The above sign is MUTCD R1-5L, and can be seen here on the wiki, with the guidance of tagging it as highway=give_way. This makes sense in some ways and not in others, and I’m looking for some discussion on whether this sign needs another tag. I think it does and would like your perspectives.
Here’s an example location in Sacramento, CA that uses that tagging on a node for this sign nearby that made me notice this sign. There’s no other yield sign nearby. I think this could be confusing for data consumers that can’t separate it out from a standard yield, and it’s somewhat redundant with the explicitly mapped marked crosswalk where a driver is already legally required to yield to a pedestrian.
So, my questions are:
Is there value in explicitly mapping this sign. I think there is, even if just marking the actual MUTCD code (which I did on a nearby sign)
Is highway=give_way the appropriate tag? I don’t think it is and think a new tag or explicitly required combination of tags, such as give_way=pedestrian for this sign would be appropriate to prevent confounding with other highway=give_way signs that apply regardless of pedestrian presence and always have a speed limit of 15MPH (in California, at least, but whatever the local jurisdiction’s speed limit is).
Is there a value to data consumers I’m missing in keeping this sign tagged as is?
I tried tagging it as highway=give_way; give_way=pedestrians to separate things out, but I see that more as interim while discussion occurs.
The R1-5L sign is accompanied by a yield line, a row of triangle markings on the pavement that resembles a shark’s teeth. A yield line normally doesn’t occur before a two-way stop intersection and normally doesn’t occur before a marked crosswalk either. Along with the triple-four crosswalk markings (crossing:markings=zebra:double), the yield line seems to be an additional safety measure to protect pedestrians using the crosswalk on the near side of the intersection.
Sometimes I see a similar configuration without a near-side crosswalk, just to make sure that drivers stop before the intersection instead of blocking it when yielding to pedestrians. Here’s one involving a HAWK crossing that has a stop line (and a “Stop Here on Red” sign) rather than a yield line:
Stop lines also occur in other situations, like in front of sliding gates and before railroad crossings. Here’s an intersection where drivers need to wait before the intersection when a train crosses past the intersection:
These stop lines have the same legal effect as a stop line at an all-way stop intersection, except that it’s conditioned on crossing traffic. It would make sense to distinguish these cases from the usual case. It would also be great if we could somehow explicitly indicate what other way the user has to watch when crossing.
Yes, of course, just like any other sign. But a regulatory sign’s regulatory effect should also be mapped.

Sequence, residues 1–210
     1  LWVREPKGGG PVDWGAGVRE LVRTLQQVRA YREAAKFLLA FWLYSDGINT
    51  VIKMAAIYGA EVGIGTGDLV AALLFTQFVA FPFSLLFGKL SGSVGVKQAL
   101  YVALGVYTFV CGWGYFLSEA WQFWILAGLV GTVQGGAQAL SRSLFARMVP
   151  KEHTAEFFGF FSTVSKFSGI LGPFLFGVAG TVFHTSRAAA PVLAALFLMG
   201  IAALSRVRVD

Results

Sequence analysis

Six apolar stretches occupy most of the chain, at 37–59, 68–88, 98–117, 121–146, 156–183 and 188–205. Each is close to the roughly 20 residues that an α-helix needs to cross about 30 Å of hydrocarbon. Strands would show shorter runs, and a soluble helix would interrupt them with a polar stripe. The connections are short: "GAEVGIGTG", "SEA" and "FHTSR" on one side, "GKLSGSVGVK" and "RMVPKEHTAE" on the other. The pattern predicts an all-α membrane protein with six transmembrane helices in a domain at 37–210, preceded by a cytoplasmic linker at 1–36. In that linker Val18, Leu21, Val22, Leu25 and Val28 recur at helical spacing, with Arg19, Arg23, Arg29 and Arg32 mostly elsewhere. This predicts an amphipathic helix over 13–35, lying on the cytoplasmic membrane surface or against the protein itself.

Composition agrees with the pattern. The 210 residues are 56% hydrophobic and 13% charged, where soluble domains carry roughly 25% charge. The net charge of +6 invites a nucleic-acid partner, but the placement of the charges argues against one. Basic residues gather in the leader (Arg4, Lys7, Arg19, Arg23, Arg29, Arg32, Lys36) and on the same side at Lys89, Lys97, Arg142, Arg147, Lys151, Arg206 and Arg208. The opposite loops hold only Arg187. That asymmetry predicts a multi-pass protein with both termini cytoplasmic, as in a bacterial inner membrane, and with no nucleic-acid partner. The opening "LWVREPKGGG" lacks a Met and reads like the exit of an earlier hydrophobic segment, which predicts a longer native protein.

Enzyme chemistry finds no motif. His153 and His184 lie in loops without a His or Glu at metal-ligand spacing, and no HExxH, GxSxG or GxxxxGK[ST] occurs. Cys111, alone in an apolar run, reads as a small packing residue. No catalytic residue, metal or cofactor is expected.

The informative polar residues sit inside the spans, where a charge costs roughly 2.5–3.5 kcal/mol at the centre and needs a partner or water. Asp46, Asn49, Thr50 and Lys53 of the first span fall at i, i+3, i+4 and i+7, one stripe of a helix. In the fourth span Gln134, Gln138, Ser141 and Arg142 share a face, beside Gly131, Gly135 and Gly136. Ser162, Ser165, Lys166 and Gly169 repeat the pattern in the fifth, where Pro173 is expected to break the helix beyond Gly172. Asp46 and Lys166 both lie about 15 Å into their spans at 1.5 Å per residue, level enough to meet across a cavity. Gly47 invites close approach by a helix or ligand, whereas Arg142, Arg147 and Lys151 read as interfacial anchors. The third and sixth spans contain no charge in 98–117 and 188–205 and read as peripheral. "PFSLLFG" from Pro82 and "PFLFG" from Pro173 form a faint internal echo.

My understanding is that yield signs are inherently conditional. The fact that this yield sign and marking is conditional on the presence of a pedestrian wouldn’t make it so minor that it needs a different top-level tag. But can you elaborate on the 15 mph speed limit?
There are, but you’re right that drivers normally have to yield to pedestrians. (There’s even a standard sign to remind drivers of that state law.) The purpose of these signs is to clarify where the driver needs to yield or stop. Sometimes it isn’t obvious due to the road geometry. I don’t think traffic_sign=US:R1-5L and road_marking=give_way_line are sufficient for this purpose, because the message of these signs and markings is at least as important as the signs and markings themselves.
First, thanks for providing and discussing the image of the intersection - I think that adds to this discussion.
That makes sense to me. Do you think it’s worth a tagging scheme that has give_way=* indicating the type of yield that’s present? E.g. give_way=pedestrians here, give_way=all at a standard yield sign (R1-2), etc?
And my question could just reflect a misunderstanding of what data consumers do with this information, but I can imagine they’d do something different with that yield sign than a yield sign that refers primarily to vehicular traffic (in addition to pedestrians) such as these yields nearby the one I linked before, so some distinction could be useful. But maybe this isn’t an issue that data consumers care about.
For 15mph, I was referring to my recollection of the speed a vehicle is allowed to proceed through an intersection controlled by a yield sign when it is safe to do so. Maybe my memory is dated, or just plain incorrect on that? I can’t find a source on that right now.
That’s a good question. I don’t know the full answer, but so far I’ve seen routers and navigation applications use or plan to use highway=give_way for these purposes:
Penalize a route that traverses a yield-controlled intersection, but not as much as a stop-controlled intersection, with the understanding that this penalty averages out the times you stop and the times you don’t
Display a icon on the map along the route
Give a more natural-sounding turn instruction such as, “After the yield sign, turn left”
There may be other use cases, such as in traffic simulators like A/B Street.
By the way, the other day I drove by this intersection and was stopped by the HAWK beacon. Thanks to the stop line, I and others dutifully stopped before the intersection while the pedestrian crossed. However, drivers on the cross street took this as an opportunity to cut into the intersection and basically chase the pedestrian out of the crosswalk.